November 3rd, 2004

politics

Calming down

John Quiggin on Crooked Timber finds cold comfort.
If Kerry does win after all, it will be under the worst possible circumstances. A minority of the popular vote, a hostile Congress and the need to prevail in a vicious legal dogfight in Ohio. The Republicans will be out for impeachment from Inauguration Day, if not before that. At this stage, a Kerry victory would produce the worst of all possible worlds - responsibility without power.
William Saletan on Slate is (once again) pushing John Edwards:
If you have any doubt about his electability, just read the exit polls from the 2004 Democratic primaries. If you don't think he's ready to be president—if you don't think he has the right credentials, the right gravitas, the right subtlety of thought—ask yourself whether these are the same things you find wanting in George W. Bush. Because evidently a majority of the voting population of the United States doesn't share your concern. They seem to be attracted to a candidate with a simple message, a clear focus, and a human touch. You might want to consider their views, since they're the ones who will decide whether you're sitting here again four years from now, wondering what went wrong.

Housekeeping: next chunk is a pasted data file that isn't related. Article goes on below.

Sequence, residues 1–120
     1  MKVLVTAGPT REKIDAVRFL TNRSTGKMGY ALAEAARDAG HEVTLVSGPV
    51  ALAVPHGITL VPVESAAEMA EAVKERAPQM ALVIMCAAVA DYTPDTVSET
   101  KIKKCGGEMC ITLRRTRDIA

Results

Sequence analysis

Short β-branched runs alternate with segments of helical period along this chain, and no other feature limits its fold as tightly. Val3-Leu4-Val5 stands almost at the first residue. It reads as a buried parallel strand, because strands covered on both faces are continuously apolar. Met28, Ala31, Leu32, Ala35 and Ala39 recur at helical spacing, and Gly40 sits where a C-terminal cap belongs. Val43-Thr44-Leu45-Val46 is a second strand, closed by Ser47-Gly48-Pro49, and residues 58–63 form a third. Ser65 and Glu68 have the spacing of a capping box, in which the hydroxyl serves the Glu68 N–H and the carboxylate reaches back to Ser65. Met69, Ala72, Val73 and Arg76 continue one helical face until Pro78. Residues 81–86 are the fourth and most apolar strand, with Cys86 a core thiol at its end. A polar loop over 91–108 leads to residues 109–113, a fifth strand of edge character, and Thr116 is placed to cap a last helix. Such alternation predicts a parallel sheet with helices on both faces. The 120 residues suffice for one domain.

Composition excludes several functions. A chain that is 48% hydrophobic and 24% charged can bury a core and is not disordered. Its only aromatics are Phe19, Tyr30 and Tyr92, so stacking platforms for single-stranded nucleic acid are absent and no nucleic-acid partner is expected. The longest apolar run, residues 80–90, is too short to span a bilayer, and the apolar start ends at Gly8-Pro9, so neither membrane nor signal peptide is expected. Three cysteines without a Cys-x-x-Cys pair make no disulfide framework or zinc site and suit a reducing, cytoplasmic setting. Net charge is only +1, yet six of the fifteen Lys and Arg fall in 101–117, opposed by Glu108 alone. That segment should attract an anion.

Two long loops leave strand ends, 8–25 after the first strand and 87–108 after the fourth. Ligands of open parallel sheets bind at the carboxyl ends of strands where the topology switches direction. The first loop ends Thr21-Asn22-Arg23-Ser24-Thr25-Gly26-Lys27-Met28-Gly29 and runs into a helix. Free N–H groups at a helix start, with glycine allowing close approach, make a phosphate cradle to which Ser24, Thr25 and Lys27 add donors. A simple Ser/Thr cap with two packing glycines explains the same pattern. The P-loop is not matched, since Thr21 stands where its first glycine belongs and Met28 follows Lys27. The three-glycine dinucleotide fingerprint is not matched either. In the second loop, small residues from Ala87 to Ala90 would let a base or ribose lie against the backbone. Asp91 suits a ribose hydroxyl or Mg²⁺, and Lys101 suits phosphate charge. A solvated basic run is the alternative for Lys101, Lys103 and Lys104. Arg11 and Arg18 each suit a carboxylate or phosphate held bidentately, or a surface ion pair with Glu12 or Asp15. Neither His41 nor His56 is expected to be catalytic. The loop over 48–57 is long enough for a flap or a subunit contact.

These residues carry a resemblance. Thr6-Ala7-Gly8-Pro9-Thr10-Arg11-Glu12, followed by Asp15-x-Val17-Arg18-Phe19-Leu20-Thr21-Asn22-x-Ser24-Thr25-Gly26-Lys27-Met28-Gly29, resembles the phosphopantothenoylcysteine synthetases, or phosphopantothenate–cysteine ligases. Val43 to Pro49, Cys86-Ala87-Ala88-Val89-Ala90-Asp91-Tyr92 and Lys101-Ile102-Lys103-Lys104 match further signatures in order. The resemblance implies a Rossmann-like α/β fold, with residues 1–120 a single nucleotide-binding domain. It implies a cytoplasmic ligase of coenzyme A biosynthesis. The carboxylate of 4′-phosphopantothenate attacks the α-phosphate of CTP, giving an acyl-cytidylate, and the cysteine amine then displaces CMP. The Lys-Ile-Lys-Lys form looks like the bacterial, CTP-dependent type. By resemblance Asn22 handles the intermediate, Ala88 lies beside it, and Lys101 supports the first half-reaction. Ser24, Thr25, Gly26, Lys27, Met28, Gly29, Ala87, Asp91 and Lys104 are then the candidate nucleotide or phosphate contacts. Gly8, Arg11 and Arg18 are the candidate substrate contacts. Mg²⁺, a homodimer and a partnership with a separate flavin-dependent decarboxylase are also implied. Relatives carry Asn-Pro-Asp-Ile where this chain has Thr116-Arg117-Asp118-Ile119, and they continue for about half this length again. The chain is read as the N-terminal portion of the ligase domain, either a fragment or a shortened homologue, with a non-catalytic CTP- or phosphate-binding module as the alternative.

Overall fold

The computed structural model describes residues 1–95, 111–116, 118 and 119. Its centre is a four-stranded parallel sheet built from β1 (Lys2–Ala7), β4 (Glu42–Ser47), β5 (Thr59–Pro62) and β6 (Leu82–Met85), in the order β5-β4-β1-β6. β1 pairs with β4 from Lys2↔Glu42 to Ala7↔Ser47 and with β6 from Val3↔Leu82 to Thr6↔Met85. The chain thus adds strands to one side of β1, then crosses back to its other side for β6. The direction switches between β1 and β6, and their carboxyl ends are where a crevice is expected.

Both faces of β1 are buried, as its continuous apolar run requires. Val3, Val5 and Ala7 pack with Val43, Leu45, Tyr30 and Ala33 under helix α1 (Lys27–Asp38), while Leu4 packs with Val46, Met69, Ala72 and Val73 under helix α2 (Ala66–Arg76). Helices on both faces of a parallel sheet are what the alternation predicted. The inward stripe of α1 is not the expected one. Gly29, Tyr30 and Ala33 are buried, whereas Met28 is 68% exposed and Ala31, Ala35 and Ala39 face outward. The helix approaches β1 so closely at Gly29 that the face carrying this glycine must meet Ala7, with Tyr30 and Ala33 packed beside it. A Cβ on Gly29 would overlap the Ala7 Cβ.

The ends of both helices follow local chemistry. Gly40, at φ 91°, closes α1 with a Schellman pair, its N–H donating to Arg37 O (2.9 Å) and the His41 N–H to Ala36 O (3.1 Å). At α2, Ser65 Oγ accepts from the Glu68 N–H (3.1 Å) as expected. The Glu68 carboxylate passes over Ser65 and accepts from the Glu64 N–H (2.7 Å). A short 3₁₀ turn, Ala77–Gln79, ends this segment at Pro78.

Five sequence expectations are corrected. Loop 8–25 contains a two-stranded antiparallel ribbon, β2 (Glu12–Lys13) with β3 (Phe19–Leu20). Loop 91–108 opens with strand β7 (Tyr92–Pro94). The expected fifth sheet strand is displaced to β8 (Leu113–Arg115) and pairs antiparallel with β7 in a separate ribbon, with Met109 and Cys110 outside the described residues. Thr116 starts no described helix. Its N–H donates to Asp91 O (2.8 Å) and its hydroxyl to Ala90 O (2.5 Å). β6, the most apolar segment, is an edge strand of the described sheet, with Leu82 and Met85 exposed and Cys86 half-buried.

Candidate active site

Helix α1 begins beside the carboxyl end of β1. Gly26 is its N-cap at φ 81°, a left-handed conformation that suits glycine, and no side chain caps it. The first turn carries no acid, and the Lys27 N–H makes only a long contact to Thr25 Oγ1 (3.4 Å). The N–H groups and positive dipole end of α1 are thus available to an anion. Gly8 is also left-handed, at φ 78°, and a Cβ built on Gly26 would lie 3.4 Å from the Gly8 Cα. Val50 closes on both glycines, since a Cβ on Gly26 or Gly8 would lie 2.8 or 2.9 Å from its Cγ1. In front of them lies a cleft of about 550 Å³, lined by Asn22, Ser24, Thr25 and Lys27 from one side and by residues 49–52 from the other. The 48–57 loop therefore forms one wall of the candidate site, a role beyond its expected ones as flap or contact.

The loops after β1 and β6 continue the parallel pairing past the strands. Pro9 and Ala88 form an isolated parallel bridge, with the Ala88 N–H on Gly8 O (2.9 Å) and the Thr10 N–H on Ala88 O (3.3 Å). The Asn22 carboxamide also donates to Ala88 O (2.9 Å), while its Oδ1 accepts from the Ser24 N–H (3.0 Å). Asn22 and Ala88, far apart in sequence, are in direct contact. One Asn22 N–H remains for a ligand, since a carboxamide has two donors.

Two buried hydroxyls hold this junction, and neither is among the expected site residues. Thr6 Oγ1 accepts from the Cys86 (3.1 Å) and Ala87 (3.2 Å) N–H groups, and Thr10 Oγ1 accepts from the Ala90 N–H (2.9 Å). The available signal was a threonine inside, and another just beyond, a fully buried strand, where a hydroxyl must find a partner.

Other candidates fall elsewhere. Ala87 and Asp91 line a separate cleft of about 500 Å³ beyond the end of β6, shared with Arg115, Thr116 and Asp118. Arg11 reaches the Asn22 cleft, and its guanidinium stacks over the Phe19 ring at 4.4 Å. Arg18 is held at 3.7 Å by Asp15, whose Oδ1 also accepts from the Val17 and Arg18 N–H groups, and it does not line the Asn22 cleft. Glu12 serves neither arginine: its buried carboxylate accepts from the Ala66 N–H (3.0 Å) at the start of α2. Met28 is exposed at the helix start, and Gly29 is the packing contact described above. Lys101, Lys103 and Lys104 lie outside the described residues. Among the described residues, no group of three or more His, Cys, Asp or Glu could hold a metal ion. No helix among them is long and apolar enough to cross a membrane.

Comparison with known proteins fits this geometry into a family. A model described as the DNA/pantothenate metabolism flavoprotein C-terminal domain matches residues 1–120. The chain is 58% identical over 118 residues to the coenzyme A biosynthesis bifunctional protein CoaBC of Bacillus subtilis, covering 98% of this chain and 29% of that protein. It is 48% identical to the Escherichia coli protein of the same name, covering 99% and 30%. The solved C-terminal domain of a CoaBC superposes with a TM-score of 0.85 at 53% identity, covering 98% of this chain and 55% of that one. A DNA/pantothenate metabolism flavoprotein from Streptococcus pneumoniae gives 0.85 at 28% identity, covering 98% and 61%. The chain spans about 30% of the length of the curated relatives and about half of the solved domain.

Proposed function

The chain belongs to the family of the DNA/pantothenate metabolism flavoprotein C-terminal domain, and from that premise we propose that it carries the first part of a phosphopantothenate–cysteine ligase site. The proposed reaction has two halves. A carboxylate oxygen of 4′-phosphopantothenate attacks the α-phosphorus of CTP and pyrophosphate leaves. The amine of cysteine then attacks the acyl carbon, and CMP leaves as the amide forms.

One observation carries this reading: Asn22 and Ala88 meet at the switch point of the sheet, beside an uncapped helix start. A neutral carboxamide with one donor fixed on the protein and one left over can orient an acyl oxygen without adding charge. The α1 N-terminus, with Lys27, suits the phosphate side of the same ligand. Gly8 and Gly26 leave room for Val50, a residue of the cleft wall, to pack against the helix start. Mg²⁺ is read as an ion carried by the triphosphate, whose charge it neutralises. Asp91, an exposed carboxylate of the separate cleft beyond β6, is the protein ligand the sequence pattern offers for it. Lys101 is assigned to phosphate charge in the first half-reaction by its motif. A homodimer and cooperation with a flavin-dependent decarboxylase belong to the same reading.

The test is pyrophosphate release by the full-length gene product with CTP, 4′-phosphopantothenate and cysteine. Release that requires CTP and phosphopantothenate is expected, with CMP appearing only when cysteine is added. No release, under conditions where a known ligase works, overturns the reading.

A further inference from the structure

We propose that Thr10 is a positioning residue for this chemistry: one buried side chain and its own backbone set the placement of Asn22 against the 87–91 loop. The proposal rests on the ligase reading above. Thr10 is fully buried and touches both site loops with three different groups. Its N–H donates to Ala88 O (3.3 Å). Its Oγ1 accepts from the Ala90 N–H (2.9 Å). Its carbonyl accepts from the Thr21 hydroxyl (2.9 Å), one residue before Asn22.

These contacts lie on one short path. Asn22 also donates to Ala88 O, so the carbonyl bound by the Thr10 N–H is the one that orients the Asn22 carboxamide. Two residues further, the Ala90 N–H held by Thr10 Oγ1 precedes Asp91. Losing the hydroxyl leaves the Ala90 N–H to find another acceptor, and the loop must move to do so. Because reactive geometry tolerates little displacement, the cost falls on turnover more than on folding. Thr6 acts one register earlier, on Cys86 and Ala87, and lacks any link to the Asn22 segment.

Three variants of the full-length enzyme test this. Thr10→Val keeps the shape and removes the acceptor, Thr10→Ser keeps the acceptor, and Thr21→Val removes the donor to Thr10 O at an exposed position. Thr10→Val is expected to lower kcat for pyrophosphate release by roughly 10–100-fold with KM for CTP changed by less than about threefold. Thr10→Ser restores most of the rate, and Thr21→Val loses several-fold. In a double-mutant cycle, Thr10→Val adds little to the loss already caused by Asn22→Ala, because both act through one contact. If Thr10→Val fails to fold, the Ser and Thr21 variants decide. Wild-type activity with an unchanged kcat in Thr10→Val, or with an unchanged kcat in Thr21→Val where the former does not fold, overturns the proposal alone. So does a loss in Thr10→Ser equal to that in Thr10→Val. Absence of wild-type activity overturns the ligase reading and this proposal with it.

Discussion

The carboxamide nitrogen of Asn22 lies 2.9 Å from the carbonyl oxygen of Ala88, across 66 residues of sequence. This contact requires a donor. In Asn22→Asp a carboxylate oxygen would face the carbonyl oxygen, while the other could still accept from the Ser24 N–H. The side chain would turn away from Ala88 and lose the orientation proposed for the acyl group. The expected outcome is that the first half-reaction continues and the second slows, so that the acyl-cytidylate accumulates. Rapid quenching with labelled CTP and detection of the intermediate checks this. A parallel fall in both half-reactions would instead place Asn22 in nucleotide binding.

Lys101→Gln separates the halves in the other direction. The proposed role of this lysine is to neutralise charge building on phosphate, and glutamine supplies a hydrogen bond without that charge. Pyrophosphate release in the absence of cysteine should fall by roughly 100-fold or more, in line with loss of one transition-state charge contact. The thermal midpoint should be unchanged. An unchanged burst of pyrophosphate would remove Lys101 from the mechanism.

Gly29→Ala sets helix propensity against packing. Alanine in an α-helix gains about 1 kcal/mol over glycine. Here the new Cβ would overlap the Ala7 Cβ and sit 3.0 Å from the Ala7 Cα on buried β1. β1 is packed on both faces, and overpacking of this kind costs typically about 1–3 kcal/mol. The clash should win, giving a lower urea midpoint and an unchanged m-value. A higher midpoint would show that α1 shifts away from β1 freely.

I'm not completely convinced. He wasn't able to come close to carrying North Carolina (11% behind Bush/Cheney, got only 84% of registered Democrats to vote for the ticket).

Anyway the idea that Democrats can only win with a Southern candidate was effectively disproved last night (even though they lost). It looks like the losing margin will be less in Iowa and New Mexico than it was in Florida, the only Southern state they were ever in contention for. Had Kerry won Ohio, he could have become President without winning a single state from south of the Mason-Dixon line (except parts of California).

Hillary in '08? (I think not, but maybe Obama?)